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Pompano Beach, FL...August 10, 2019...Joe Kroll, one of the highly respected and likable horseman in harness racing, passed away on August 8 at the age of 61. Born in Pittsburgh, PA on November 17, 1957, Joe had a long an storied career in harness racing since moving to Florida with his wife, Shawna, in 1983. While he did have success with Florida Stakes winners, including Indigo Swirl, J S Victory and Goucher, Joe played a huge roll in the success of big name stables and trainers such as Continental Farms and Team Nordin. His first notable success was with the world champion Tarport Frenzy, which solidified his reputation as a dedicated trainer with patience, passion and gentle hand that calmed even those horses that could be difficult to train. After his horse, Indigo Swirl, won a Florida Sunshine Stakes event in 2007, he was asked if he felt winning the major share of a lucrative event like that was like winning the lottery. In his typical and humble style, he said, "I won the lottery the day I met my wife!" Joe spent the last eight years working with Jim McDonald with that trainer paying homage to Joe Kroll by lamenting, "Time might be important on the racetrack but, around the barn, time was never important to Joe. In other words, he worked until he was satisfied that every horse in his care was satisfied to his high standards. "A typical example of that was, over the past two winters, he played a big role in the care and training of the great McWicked, last year's Horse of the Year. He, truly, was one of the great ambassadors of harness racing and contributed to the success of many great horses and horsemen. Besides his wife, Shawna, survivors include his sister, Susan Sichko (frank(, his brother, Mike (Denise), nieces and nephews. A memorial will be held at a later date. Anyone wishing to help defray medical costs can do so through Zelle using phone number 561-577-4596. by John Berry for the FSBOA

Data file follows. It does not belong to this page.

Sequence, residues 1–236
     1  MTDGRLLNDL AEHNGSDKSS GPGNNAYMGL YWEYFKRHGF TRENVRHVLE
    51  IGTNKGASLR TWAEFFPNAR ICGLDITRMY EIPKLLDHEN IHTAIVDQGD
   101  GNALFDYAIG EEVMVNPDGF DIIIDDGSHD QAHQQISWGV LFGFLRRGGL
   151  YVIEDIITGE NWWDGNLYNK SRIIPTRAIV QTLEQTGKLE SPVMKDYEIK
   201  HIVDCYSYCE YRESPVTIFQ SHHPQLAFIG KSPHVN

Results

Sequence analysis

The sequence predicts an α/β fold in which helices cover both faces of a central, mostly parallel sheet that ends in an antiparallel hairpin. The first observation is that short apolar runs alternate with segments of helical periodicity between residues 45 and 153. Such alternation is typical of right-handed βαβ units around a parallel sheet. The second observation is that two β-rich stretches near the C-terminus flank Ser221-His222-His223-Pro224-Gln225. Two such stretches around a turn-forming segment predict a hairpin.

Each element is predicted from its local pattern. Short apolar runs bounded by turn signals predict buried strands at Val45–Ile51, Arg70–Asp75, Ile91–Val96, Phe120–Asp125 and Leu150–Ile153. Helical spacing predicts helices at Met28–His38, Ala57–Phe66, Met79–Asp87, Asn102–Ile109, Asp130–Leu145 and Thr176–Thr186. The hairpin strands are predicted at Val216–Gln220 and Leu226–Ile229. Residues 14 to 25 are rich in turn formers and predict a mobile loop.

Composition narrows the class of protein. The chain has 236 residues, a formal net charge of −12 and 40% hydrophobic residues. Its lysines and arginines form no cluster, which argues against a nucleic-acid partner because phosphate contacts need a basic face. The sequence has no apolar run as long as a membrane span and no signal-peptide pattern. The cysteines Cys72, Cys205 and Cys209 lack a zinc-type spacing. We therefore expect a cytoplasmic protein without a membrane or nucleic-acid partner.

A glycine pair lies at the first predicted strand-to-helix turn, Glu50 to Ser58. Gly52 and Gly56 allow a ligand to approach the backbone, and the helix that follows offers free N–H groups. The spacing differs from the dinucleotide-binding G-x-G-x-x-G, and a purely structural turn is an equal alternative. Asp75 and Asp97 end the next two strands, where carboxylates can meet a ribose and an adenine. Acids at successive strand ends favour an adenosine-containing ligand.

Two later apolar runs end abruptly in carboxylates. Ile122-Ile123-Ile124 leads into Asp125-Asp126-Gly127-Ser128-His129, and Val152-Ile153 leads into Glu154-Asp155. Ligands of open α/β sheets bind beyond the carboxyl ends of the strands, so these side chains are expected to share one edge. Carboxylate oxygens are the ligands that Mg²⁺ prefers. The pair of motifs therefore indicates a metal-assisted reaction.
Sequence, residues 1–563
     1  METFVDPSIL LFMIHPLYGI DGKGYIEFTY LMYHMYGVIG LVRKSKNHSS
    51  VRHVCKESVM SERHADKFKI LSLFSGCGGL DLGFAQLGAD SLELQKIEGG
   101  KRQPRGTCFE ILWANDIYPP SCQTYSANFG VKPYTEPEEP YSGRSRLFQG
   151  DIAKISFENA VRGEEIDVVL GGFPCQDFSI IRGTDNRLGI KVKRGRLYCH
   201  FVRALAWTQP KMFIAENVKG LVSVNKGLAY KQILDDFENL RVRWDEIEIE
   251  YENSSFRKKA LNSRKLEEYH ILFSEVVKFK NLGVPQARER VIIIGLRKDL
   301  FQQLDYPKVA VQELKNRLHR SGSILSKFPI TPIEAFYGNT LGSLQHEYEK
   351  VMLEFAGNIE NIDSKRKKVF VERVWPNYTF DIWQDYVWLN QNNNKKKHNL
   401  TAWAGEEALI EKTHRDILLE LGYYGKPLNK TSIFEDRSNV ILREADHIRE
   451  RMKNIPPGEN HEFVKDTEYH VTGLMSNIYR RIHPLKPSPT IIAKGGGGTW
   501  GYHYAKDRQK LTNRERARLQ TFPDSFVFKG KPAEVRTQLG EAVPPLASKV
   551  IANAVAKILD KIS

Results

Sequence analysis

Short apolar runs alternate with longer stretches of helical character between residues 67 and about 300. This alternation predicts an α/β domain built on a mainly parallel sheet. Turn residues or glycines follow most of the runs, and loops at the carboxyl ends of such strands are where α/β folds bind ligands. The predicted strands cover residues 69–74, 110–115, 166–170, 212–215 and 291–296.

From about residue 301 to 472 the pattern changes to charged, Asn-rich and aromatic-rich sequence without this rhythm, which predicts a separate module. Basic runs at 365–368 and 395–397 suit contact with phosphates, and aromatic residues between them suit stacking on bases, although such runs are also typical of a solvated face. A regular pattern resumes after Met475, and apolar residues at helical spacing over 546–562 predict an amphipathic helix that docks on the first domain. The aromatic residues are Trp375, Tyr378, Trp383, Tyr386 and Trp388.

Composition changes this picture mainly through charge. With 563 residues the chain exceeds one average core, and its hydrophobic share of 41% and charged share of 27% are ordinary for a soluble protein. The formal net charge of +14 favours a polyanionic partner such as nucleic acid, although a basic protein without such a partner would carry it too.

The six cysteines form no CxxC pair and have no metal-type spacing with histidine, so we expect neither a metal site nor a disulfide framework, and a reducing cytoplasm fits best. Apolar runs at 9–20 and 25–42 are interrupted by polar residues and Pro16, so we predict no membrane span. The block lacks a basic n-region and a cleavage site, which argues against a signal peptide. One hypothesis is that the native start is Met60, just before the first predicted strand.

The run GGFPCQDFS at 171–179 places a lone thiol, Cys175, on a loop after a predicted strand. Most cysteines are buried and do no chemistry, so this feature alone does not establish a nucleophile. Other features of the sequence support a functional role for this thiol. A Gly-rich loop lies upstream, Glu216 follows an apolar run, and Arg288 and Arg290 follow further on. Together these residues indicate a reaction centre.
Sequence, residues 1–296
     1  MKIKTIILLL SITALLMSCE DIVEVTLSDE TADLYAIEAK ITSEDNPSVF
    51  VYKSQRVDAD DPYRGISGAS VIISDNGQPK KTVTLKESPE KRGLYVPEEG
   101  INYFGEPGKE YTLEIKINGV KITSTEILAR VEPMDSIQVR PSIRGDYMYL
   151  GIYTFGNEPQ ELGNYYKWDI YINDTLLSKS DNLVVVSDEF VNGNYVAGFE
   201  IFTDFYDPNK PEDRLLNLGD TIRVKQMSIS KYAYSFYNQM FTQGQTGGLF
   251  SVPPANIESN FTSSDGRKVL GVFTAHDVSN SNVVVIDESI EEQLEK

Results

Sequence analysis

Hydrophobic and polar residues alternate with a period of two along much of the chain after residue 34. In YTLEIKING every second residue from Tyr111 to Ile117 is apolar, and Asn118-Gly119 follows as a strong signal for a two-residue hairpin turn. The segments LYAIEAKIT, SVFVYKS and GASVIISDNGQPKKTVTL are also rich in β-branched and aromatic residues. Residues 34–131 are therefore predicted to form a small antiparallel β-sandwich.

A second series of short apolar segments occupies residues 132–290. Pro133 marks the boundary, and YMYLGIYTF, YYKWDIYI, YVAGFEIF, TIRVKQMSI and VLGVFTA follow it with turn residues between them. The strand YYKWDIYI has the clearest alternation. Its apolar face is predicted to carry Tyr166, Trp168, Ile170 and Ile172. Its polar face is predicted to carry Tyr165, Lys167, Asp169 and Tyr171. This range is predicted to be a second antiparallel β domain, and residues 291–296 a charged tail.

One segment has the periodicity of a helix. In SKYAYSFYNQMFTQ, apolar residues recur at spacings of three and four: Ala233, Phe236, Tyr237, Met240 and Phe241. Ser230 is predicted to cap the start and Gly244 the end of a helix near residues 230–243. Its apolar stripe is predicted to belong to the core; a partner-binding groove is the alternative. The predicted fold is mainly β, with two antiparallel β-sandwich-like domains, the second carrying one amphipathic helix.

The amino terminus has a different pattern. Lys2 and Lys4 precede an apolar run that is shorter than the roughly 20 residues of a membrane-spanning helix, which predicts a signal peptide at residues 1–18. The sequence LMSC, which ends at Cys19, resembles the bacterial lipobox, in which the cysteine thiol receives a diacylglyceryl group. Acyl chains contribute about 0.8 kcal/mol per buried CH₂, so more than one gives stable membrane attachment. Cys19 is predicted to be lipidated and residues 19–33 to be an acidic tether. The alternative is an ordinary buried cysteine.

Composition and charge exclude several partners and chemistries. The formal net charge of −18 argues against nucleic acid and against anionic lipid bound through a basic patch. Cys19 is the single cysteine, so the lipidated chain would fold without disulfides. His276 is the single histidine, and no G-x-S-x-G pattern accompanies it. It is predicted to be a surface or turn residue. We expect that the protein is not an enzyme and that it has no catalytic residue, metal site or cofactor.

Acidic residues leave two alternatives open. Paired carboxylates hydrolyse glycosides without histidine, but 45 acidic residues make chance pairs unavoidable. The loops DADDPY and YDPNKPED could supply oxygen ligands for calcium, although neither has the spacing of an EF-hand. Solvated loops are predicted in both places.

Pompano Beach, FL...April 1, 2019...No kidding! Caviart Reagan upset the applecart in Pompano Park's Sunday night harness racing feature while Panocchio won for the 42nd time over South Florida's five-eighths mile oval--one of five wins for leading driver Wally Hennessey. Caviart Reagan, owned and trained by Jim McDonald, was driven to victory by Dave Ingraham, who escaped trouble when the leader, the 4 to 5 favorite Brigadierbronski A, suddenly made a miscue around the final bend on the lead. As Brigadierbronski's pilot, Wally Hennessey, searched for clearance to avoid further situations developing, Ingraham took the pylon route on through and opened up a daylight lead, eventually scoring by 1 1/2 lengths in 1:51.4, a seasonal best time. Second choice American Hustle, with Bryce Fenn in his sulky, rallied to finish second while Mc Mach, handled by Rick Plano, finished third after suffering a bit of interference trying to avoid the breaker. Windsun Gotham finished fourth while Brigadierbronski managed to pick up the minor award in the classy quintet. In a post-race interview, driver Dave Ingraham said, "well, it was just one of those things. When Wally's horse went up in the air, I was lucky enough to find some room inside and saving that ground was the difference. The five year-old gelded son of Bettor's Delight now has a 3-2-3 scorecard in 13 starts, good for $19,460 for the year and $152,480 lifetime. Off as fourth choice at 8 to 1, Caviart Reagan paid $19.60 to his faithful. Hennessey, though, was not silenced on the Sunday program, competing in five other races on the program and winning all five, including a conditioned event with the track record holder, Panocchio. This gallant nine year-old altered son of No Pan intended took command after a demanding opening panel of :26.4 and led every stride thereafter to score in 1:52.1 for his second win of the year and 65th of his illustrious career--42 of those at Pompano Park. Spirit Shadow, handled by Andy Santeramo, finished second, 2 1/4 lengths away, while Pointsman, driven by Jim Meittinis, was next. Major Starlight and Impressive Art picked up the final awards in the sextet. Panocchio now has banked $580,628 to go along with his track record of 1:48.3 at Pompano Park achiened four seasons ago. Off at 1 to 5 on the tote-board, Panocchio paid $2.60 to his multitude of backers. Racing continues on Monday night with a Super Hi-5 finale sporting a carryover of $75,242.   by John Berry for Pompano Park